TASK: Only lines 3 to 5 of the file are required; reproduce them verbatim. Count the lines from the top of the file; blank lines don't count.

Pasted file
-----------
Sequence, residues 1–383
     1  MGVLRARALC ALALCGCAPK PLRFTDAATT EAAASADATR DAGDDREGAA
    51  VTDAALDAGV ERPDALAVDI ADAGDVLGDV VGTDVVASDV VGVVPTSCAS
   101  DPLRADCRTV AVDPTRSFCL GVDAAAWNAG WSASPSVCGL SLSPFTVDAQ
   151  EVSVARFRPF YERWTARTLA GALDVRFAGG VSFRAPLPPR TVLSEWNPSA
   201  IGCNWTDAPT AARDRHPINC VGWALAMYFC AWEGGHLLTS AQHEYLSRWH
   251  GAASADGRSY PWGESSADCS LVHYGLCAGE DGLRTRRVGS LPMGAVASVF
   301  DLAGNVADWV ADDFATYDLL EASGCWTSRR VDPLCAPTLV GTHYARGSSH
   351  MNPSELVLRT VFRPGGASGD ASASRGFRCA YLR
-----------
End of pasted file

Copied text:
    51  VTDAALDAGV ERPDALAVDI ADAGDVLGDV VGTDVVASDV VGVVPTSCAS
   101  DPLRADCRTV AVDPTRSFCL GVDAAAWNAG WSASPSVCGL SLSPFTVDAQ
   151  EVSVARFRPF YERWTARTLA GALDVRFAGG VSFRAPLPPR TVLSEWNPSA